]. Although chloroquine and hydroxychloroquine have a good safety profile, the American Heart Association considers them to have direct myocardial toxicity and to exacerbate underlying myocardial dysfunction [
      • Naksuk N.
      • Lazar S.
      • Peeraphatdit T.B.
      Cardiac safety of off-label COVID-19 drug therapy: a review and proposed monitoring protocol.
      ,
      • Page R.L.
      • O’Bryant C.L.
      • Cheng D.
      • et al.
      Drugs that may cause or exacerbate heart failure: a scientific statement from the American Heart Association.
      ].
      Recently, the Food and Drug Administration (FDA) issued emergency authorization for the use of hydroxychloroquine for COVID-19. The FDA had received several reports of safety issues related to hydroxychloroquine in patients with COVID-19, including serious cardiac adverse events and deaths [
      Hydroxychloroquine Side Effects: Adverse Reactions to Drug Trump Taking for Coronavirus.
      ]. One of the most serious side effects of hydroxychloroquine for COVID-19 is heart rhythm problems, including excessive QTc prolongation and an elevated risk of torsade de pointes associated with ventricular tachycardia [
      • Naksuk N.
      • Lazar S.
      • Peeraphatdit T.B.
      Cardiac safety of off-label COVID-19 drug therapy: a review and proposed monitoring protocol.
      ]. Patients receiving azithromycin and/or hydroxychloroquine for COVID-19 should be evaluated for the risk of QT prolongation before and during treatment, and their QT interval should be monitored by ECG [
      • Gautret P.
      • Lagier J.C.
      • Parola P.
      • et al.
      Hydroxychloroquine and azithromycin as a treatment of COVID-19: results of an open-label non-randomized clinical trial.
      ,
      • Simpson T.F.
      • Kovacs R.J.
      • Stecker E.C.
      Ventricular arrhythmia risk due to hydroxychloroquine-azithromycin treatment for COVID-19.
      ]. This is facilitated by hospitalizing high-risk patients in continuing care units with ECG monitoring or performing ECG in ambulatory patients before and at the beginning of treatment to enable early detection and treatment of any cardiac side-effects [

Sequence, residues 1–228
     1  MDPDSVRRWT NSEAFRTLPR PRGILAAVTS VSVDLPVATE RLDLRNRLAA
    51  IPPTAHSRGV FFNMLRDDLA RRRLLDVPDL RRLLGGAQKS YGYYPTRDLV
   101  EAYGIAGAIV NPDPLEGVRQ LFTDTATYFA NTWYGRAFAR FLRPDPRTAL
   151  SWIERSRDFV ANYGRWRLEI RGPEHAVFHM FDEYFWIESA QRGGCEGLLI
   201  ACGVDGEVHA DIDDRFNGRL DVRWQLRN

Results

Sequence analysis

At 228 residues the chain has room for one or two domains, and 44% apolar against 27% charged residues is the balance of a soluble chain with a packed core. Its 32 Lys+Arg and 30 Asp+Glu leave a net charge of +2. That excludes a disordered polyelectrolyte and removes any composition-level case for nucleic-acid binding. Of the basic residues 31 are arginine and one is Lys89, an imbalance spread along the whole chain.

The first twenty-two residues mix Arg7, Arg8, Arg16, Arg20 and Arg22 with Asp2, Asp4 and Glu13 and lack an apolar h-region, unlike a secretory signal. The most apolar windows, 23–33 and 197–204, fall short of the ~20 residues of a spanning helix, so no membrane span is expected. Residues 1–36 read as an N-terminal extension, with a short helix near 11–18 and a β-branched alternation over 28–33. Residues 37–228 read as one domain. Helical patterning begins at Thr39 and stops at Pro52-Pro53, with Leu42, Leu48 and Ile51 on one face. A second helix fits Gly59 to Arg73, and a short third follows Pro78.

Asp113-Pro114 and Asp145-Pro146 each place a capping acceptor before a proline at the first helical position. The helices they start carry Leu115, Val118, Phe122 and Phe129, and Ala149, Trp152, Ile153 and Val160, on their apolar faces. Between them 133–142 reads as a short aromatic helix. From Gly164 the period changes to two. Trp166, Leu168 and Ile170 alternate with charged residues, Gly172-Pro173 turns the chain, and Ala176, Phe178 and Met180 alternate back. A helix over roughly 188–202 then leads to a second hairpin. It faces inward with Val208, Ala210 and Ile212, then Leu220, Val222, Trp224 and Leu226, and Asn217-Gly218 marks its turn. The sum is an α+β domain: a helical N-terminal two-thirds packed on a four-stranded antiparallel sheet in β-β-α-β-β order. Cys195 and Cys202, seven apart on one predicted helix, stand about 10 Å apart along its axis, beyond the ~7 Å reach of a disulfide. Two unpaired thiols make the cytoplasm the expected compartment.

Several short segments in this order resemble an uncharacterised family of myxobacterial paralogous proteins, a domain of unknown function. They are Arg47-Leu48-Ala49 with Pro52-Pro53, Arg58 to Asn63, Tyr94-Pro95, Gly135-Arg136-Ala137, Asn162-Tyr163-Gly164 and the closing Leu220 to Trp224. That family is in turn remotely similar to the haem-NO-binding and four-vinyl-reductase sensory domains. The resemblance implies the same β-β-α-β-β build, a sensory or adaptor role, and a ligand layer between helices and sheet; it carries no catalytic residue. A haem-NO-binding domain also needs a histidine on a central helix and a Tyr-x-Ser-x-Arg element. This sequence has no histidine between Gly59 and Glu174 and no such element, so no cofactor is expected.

• Simpson T.F.
      • Kovacs R.J.
      • Stecker E.C.
      Ventricular arrhythmia risk due to hydroxychloroquine-azithromycin treatment for COVID-19.
      ,
      • Giudicessi J.R.
      • Noseworthy P.
      • Friedman P.A.
      • Ackerman M.J.
      Urgent guidance for navigating and circumventing the QTc-prolonging and Torsadogenic potential of possible pharmacotherapies for coronavirus disease 19 (COVID-19).
      ].
      The hydroxychloroquine dose recommended for the treatment of mild, moderate, and severe COVID-19 is 500 mg twice daily for 10 days; therefore, the risk of QT prolongation is likely to be elevated [
      • Gautret P.
      • Lagier J.C.
      • Parola P.
      • et al.
      Clinical and microbiological effect of a combination of hydroxychloroquine and azithromycin in 80 COVID-19 patients with at least a six-day follow up: a pilot observational study.
      ,
      • Naksuk N.
      • Lazar S.
      • Peeraphatdit T.B.
      Cardiac safety of off-label COVID-19 drug therapy: a review and proposed monitoring protocol.
      ,
      • Hashem AM.
      • Alghamdi BS.
      • Algaissi AA.
      • et al.
      Therapeutic use of chloroquine and hydroxychloroquine in COVID-19 and other viral infections: A narrative review.
      ]. The dosage used in this pilot study was slightly lower (a loading dose of 400 mg twice on day 1, followed by 400 mg daily for a further 4 days) than that proposed for outpatients with COVID-19. Although previous clinical studies have reported that hydroxychloroquine, which has antiviral effects in vitro, is associated with clinical recovery in patients with COVID-19, the findings of clinical reports assessing the effectiveness of hydroxychloroquine remain controversial [
      • Cavalcanti A.B.
      • Zampieri F.G.
      • Rosa R.G.
      • et al.
      Hydroxychloroquine with or without azithromycin in mild-to-moderate Covid-19.
      ,
      • Geleris J.
      • Sun Y.
      • Platt J.
      • et al.
      Observational study of hydroxychloroquine in hospitalized patients with Covid-19.